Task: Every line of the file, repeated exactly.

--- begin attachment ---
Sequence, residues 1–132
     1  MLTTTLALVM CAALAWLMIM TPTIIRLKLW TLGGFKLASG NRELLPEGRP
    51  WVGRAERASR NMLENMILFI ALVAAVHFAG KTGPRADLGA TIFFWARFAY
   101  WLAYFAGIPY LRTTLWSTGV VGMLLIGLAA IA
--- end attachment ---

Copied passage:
Sequence, residues 1–132
     1  MLTTTLALVM CAALAWLMIM TPTIIRLKLW TLGGFKLASG NRELLPEGRP
    51  WVGRAERASR NMLENMILFI ALVAAVHFAG KTGPRADLGA TIFFWARFAY
   101  WLAYFAGIPY LRTTLWSTGV VGMLLIGLAA IA